Thursday, 10 March 2011

Planning in Wonderland


‘Curiouser and curiouser’ said Alice. ‘The antics of the coalition government seem to become ever more bizarre. Have these people any idea what they are doing?’ It is just as well this blog only discusses planning matters; it would be impossible to cover adequately the whole range of nonsense emanating from ministers on education, the health service, local government, the countryside and now even foreign affairs.

The latest piece of insanity comes from Vince Cable, wearing his hat as Secretary of State for Business, Innovation and Skills and President of the Board of Trade, but who seems happy to trample on the turf of any other ministry if the subject matter might vaguely be interpreted as having anything to do with business / economic development.

Cable’s latest wheeze (which is an idea that seems to have been knocking about within the Lib Dem party for some years past) is a procedure by which landowners wishing to develop their land would state in a sealed bid delivered to the local Council the price at which they would be willing to sell their land. The landowner would be bound by that price, and the Council would have the right to buy the site at that price for a prescribed period. It is assumed that a Council might receive offers from several landowners, and would then choose to buy one or more sites, depending on which sites they would wish to see developed. The Council would then grant planning permission for the development of the chosen site (or sites) and would auction the land off to developers with the benefit of planning permission. The theory is that the local Council would get most of the increased land value attributable to the grant of planning permission.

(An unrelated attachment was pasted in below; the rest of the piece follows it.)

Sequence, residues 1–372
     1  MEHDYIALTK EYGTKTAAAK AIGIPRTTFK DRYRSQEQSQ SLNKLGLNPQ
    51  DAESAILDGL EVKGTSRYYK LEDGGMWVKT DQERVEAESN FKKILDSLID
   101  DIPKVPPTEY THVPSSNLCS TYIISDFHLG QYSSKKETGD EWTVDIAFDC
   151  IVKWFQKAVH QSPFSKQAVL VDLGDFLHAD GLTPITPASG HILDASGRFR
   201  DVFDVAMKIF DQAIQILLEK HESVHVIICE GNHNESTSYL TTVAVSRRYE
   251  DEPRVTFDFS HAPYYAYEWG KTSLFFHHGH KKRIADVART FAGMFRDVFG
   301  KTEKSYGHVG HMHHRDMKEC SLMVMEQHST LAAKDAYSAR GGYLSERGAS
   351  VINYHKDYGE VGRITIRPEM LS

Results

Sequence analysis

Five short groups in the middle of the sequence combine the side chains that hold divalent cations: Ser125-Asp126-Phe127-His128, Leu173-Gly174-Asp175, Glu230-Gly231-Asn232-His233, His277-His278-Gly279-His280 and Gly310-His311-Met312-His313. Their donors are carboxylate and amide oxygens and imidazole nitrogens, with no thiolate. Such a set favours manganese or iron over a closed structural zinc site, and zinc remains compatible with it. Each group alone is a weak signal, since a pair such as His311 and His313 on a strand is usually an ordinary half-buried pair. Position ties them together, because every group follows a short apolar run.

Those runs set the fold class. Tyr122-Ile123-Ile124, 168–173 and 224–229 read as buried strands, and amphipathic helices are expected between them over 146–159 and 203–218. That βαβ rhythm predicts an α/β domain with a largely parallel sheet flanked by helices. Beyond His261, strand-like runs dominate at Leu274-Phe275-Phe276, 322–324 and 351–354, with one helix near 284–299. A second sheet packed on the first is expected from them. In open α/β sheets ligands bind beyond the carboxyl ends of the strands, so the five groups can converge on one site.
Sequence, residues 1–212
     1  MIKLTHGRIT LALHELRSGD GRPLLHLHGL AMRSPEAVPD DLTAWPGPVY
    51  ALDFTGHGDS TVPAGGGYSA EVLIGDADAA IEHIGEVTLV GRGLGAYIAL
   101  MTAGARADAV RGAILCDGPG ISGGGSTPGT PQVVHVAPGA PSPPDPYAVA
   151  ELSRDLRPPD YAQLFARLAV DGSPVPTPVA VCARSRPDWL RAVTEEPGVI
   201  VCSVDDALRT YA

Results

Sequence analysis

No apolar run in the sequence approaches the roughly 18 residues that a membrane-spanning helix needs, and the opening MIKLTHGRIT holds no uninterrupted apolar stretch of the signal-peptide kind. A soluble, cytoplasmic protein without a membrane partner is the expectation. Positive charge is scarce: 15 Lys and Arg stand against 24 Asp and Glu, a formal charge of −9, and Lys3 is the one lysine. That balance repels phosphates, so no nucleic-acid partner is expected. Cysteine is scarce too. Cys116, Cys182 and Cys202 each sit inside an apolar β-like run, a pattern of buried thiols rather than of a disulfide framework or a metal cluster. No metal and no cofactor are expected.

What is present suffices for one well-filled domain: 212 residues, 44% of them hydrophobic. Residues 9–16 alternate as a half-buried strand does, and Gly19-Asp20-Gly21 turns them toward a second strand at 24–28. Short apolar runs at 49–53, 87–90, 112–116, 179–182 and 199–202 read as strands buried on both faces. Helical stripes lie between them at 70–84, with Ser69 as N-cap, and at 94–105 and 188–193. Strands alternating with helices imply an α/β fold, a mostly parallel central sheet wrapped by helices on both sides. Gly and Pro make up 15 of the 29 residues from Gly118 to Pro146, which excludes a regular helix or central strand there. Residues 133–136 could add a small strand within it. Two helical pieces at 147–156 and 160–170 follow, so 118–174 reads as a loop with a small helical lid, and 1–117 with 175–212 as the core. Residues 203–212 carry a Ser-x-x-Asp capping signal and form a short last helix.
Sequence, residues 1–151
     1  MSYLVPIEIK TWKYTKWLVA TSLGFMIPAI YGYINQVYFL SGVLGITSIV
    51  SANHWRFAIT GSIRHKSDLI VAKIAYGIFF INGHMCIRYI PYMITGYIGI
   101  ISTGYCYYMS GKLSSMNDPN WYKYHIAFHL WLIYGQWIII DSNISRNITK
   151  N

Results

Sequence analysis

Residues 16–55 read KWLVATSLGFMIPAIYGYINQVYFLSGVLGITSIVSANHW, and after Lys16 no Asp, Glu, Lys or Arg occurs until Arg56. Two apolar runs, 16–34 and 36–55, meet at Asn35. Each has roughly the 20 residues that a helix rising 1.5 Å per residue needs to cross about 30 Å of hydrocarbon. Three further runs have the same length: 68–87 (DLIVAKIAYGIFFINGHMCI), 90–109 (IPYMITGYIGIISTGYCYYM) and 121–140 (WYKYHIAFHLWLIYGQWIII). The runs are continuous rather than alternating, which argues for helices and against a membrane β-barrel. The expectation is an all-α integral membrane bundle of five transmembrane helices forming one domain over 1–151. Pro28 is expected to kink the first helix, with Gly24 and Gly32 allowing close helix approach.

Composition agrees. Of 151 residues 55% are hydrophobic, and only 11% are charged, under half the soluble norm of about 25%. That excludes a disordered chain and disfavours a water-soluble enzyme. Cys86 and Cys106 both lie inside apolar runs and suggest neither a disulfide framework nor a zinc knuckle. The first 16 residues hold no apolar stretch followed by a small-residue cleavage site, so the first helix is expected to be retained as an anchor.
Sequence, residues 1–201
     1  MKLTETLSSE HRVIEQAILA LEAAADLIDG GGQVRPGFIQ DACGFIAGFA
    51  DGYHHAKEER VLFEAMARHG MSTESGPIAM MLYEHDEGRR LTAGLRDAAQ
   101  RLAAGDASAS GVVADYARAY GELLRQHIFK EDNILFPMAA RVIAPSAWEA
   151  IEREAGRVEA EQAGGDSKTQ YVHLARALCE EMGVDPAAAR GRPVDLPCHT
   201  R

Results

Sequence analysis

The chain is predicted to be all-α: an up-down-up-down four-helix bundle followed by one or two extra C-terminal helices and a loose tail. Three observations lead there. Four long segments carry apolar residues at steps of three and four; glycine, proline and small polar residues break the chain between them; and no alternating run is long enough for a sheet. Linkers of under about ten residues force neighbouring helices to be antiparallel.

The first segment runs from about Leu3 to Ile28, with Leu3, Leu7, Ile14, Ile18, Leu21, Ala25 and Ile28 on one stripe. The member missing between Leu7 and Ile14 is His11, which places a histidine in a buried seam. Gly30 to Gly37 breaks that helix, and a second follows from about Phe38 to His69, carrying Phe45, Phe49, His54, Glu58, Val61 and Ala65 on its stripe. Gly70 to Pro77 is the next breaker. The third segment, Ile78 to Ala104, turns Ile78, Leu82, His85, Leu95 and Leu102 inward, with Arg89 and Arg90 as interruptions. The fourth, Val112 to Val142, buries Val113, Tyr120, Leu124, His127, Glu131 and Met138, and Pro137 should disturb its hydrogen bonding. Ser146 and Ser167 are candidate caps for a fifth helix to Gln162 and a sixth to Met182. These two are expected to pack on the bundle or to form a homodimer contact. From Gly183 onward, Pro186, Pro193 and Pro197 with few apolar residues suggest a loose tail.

One obvious flaw in the theory is that landowners can be expected to build the full ‘hope value’ of the land into their offer price, so that the uplift attributable to the subsequent grant of planning permission may be tiny or non-existent. There might perhaps be some element of competition between landowners seeking to get their sites selected for development, but the location of the site and its identification in the Development Plan as a site for development are likely to be far more important factors in persuading a Council to buy, rather than the asking price.

There is a distinct possibility that if a Council were to misjudge the market for development land, they might find themselves paying more to the landowner than they can subsequently realise on auctioning it to developers. A much more likely scenario is that landowners may sense a ‘stitch-up’ in this proposed system and will simply hold their land out of the market until the scheme is dropped, thus slowing development even further until it becomes a mere trickle.

I don’t share the view expressed by at least one other commentator that this is in effect a re-run of the nationalisation of development values under the 1947 Planning Act, which was scrapped by Churchill’s incoming Conservative government in 1951, not just for doctrinaire reasons but primarily because the market in development land had almost entirely dried up as a result of these provisions in the 1947 Act. But the practical effect might possibly be the same.

Cable’s outpourings on this subject seem to be no more than a kite-flying exercise, and I am not aware that it is officially adopted policy of the coalition government. Something tells me that it might not go down too well on the Tory back benches; and ‘Sir Humphrey’ will no doubt whisper in the Minister’s ear if it were to get anywhere near being formulated as official policy. So I don’t think we need get too excited about this particular piece of silliness. However, this may prove to be yet another nail in poor old Vince’s political coffin, and I would not be at all surprised if he were to be put out to grass when Cameron and Clegg have their first cabinet reshuffle later this year.

© MARTIN H GOODALL

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